Reviving interest in indigenous languages and traditions with the help of Ely Samuel Parker
Learning that the annual international conference held by the Association of Tribal Archives, Libraries, and Museums, (ATALM) is taking place this week in Phoenix, Arizona, I thought it a fitting time to highlight a sample of the material collated within our recently published resource: Frontier Life: Borderland Settlement & Colonial Encounters, that demonstrate attempts made over 100 years ago to restore both indigenous languages and histories.
With photographs depicting robes inscribed with the Life Story of Bullâs Head, chief of the Sarcee Indians, and Eric Fraineâs Origin of the Word Blackfeet, this resource offers no shortage of documents revealing the various ways in which individuals strove to record and honour indigenous languages and traditions during the expansion of western frontiers.
A personal favourite would have to be Ely Samuel Parkerâs rendition of the Seneca Myth of Creation in which âa beautiful fairy became betrothed & united in wedlock to a young braveâ. As the story goes, their initial marital happiness becomes jeopardised by the fairyâs pregnancy as she becomes unable to travel at pace with her husband. Parker records how, considering his wife a burden, the Indian chief âshoved her into the cavity that had been made by the roots of the fallen treeâ. Luckily for the fairy, within the tree there existed a strange subterranean world, where there lived an otter, a beaver, a tortoise, a muskrat, and âa large quantity of ducksâ who help her give birth and survive her ordeal.
Intrigued? I certainly was. But if dystopian worlds and magical creatures werenât enough to spark an interest in indigenous traditions and tales, the life story of the Seneca chief narrating them cannot fail to do so. Whilst first working as an interpreter and diplomat for the Seneca peoples, negotiating land cessions, sales and treaty rights, Ely Samuel Parker found himself in the perfect position to observe and foster his personal interests in ethnology. Having the honorary title of Sachem bestowed upon him in recognition of his services to his people, Parker eventually found himself able to influence and tackle the injustices suffered by indigenous peoples, particularly the dissolution of indigenous languages.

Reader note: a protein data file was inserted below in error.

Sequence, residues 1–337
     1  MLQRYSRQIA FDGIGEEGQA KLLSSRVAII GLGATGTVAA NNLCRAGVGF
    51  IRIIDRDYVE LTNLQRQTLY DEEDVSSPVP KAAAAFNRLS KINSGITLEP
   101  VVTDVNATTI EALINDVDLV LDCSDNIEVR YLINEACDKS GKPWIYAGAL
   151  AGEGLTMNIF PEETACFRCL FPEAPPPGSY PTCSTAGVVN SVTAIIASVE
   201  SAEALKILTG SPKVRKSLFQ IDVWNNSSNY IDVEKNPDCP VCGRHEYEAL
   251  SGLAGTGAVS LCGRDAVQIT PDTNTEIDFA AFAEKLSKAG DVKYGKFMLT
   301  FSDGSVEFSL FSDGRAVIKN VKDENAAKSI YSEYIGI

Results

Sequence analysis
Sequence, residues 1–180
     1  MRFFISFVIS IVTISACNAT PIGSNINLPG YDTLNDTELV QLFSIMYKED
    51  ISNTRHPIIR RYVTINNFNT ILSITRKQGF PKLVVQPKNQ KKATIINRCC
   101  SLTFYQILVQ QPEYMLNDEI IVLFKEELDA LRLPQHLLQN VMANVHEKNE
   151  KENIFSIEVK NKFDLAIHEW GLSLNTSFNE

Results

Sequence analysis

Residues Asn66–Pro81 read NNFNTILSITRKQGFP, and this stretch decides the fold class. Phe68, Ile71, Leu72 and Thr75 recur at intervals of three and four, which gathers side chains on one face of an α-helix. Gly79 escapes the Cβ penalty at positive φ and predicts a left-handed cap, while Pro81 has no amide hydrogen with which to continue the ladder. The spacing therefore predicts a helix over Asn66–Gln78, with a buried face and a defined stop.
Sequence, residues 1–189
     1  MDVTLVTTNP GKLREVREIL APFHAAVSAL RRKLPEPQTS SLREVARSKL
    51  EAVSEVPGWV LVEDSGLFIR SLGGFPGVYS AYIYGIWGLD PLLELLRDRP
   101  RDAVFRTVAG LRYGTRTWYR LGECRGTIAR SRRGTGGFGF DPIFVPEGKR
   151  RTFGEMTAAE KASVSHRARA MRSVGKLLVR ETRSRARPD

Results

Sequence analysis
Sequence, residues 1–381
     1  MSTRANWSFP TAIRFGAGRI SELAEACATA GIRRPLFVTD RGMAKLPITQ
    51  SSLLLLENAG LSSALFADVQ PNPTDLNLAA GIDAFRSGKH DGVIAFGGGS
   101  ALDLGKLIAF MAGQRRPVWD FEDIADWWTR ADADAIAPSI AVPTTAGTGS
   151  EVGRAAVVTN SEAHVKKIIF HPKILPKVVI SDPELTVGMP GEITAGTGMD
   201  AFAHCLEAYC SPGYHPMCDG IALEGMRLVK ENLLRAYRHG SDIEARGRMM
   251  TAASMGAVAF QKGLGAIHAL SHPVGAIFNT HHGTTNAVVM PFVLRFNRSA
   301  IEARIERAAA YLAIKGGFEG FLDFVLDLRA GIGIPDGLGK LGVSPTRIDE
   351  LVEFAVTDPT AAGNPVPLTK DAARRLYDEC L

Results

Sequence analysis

Sourced from the American Philosophical Society, the Ely Samuel Parker Papers offer a diverse array of correspondence, speeches, and notebooks that document Parkerâs private and public efforts to sustain and restore indigenous cultures, histories, and languages which had been placed under threat by expanding western borders and the subsequent influx of European settlers in America. In addition to reproducing imaginative indigenous mythology, Parkerâs address to the New York Historical Society in 1847 serves to exemplify his active attempts to seek redress for the Iroquois Indians he felt had been left no âshare in your historyâ. Such efforts are also evident within his personal correspondence, whether arguing to have English names âmanufactured into Indianâ when new factories were constructed in New York during October, 1846, or providing âa vocabulary of Seneca name and wordsâ for Mrs Harriet M. Converse to use in her own historical account of his people.
His support of missionary Asher Wright, actually enabled Wright to complete several volumes recording the Senecaâs complex verb subjugations, phonetic expressions, as well as grammatical rules and spellings which today give us a rare glimpse into language characteristics of indigenous peoples.
However, despite such efforts Parker acknowledged over a year later in his notes on Seneca and Wyandot tradition that, âIt is true that the Indians preserve the recollection of many important and interesting events in their early history, but the difficulty with which they communicate throws a great obstacle in the way of preserving by record the traditions and legends that are still intactâ. Sadly, this statement seems as accurate and reflective of todayâs society as it was in Parkerâs own, as one of the main summit topics of this yearâs ATALM conference is continuing to tackle âissues relating to language preservation, digital inclusion, and reputationâ.
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